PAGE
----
Software Defined Network (SDN) and Network Function Virtualization (NFV) have been creating paradigm shifts across major service providers.

In recent years, while these are considered disruptive to major network infrastructures operating on status quo, SDN and NFV nonetheless bring network resiliency, scalability, manageability, and, most importantly, lower long-term operational expenditures when implemented properly.

They create opportunities for innovation that engage key players from networks, security, and software to develop new controllers, APIs, networks, and technologies. However, new innovations come with associated risks and security issues

In 2012, it was widely speculated that Google implemented SDN and OpenFlow into their networks, and created their own OpenFlow-enabled switches due to the limited vendors supporting this protocol. This speculation has since gained
wide interests across many industries

To understand SDN is to look at the OSI layer where one will find similar concepts of abstraction and separation, and tiering and layering. In SDN, control and data planes are separated, centralizing the control and programmability of the network. The OpenFlow protocol is a foundational element for building SDN Solutions

On the other hand, NFV , which was formalized in 2012, relocates network functions from dedicated hardware appliances to generic servers. It was initially intended for routers, firewalls, and gateways, but can be expanded to include load balancers and other intermediary devices. Unlike SDN it does not have a specific protocol. Both SDN and NFV create open innovation by third parties, reduce capital and operation expenditures.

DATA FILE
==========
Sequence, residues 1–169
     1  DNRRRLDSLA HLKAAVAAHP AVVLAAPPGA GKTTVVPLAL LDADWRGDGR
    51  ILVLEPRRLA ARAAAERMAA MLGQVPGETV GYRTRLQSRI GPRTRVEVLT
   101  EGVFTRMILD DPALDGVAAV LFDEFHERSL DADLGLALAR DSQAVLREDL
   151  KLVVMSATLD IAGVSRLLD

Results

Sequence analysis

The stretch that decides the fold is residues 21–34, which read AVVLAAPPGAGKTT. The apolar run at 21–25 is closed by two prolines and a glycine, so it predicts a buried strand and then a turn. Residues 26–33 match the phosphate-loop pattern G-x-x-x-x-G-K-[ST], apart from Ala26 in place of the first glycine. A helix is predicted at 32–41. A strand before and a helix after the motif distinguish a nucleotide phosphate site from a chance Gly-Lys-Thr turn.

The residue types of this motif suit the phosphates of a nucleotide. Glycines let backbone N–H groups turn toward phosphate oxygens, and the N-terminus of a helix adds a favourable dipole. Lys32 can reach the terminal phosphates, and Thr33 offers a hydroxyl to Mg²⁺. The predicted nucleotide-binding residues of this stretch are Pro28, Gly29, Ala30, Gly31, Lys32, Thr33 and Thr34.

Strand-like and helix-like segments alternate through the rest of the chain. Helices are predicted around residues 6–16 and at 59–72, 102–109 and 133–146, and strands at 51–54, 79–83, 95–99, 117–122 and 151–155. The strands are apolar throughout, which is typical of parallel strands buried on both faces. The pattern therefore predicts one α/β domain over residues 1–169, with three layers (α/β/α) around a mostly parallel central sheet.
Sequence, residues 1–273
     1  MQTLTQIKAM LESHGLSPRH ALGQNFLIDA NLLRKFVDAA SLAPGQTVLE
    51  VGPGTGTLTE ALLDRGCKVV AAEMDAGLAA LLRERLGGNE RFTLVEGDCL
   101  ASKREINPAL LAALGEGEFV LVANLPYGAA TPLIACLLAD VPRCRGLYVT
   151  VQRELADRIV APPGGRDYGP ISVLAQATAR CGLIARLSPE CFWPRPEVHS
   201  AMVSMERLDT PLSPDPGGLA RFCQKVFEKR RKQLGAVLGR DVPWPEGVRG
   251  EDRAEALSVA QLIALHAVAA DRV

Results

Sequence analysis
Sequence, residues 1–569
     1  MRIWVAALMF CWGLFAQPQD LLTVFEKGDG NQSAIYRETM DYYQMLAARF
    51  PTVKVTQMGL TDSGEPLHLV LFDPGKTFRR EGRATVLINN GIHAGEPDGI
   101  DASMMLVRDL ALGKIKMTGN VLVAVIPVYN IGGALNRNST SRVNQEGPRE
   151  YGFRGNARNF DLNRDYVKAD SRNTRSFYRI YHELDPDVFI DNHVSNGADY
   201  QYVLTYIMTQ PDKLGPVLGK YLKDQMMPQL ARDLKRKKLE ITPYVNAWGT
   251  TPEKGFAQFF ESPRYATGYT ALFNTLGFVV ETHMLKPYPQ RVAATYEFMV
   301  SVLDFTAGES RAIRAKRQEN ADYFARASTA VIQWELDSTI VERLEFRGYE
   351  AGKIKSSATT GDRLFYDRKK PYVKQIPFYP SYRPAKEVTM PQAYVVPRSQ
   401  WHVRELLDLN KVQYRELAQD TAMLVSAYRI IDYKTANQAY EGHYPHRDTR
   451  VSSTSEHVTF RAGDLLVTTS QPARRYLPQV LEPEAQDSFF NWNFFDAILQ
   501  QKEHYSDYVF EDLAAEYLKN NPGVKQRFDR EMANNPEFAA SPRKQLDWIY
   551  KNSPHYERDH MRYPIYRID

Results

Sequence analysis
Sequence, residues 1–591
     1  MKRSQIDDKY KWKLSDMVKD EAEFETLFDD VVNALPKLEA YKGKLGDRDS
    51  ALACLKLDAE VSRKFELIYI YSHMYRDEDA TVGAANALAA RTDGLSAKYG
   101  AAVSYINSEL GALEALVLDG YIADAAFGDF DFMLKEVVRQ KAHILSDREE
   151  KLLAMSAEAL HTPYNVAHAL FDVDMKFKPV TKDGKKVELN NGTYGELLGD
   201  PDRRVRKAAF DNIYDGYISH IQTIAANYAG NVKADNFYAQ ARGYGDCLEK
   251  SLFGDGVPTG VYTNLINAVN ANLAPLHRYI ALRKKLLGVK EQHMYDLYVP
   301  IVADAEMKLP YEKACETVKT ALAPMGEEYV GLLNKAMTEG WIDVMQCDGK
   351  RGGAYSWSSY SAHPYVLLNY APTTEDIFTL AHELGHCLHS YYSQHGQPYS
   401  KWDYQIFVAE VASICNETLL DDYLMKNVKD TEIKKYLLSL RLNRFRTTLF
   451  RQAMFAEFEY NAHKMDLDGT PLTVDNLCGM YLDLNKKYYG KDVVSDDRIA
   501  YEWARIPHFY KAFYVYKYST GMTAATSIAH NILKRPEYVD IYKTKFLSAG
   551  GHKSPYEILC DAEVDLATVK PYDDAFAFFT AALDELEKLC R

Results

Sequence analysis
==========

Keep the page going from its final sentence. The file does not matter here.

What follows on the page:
The following are the security considerations one should address while planning to adopt the SDN/NFV based networks.

  • Adversarial traffic flows – traffic passing through network devices, interfaces, and hosts.
  • Attacks on vulnerabilities in network devices – not updated patch and version
  • Attacks on vulnerabilities in orchestrators and administrative servers – unsecure servers, lacks security on admin profile
  • Attacks on control plane communications- single point of failures, unreliable controllers and unsecure connections
  • New risks associated with SDN/NFV implementations are identified, and are as follows:
  • Attacks on SDN controllers – unreliable software APP/SDN controller
  • Attacks on Southbound interfaces – exposed interfaces
  • Unsecure openflow traffic – unencrypted /unsecure traffic
  • Unreliable North/East-West APIs – unreliable software installed across the same broadcast domain
  • Vulnerable Programming models – unadequate security involvement in the Software Development Lifecycle

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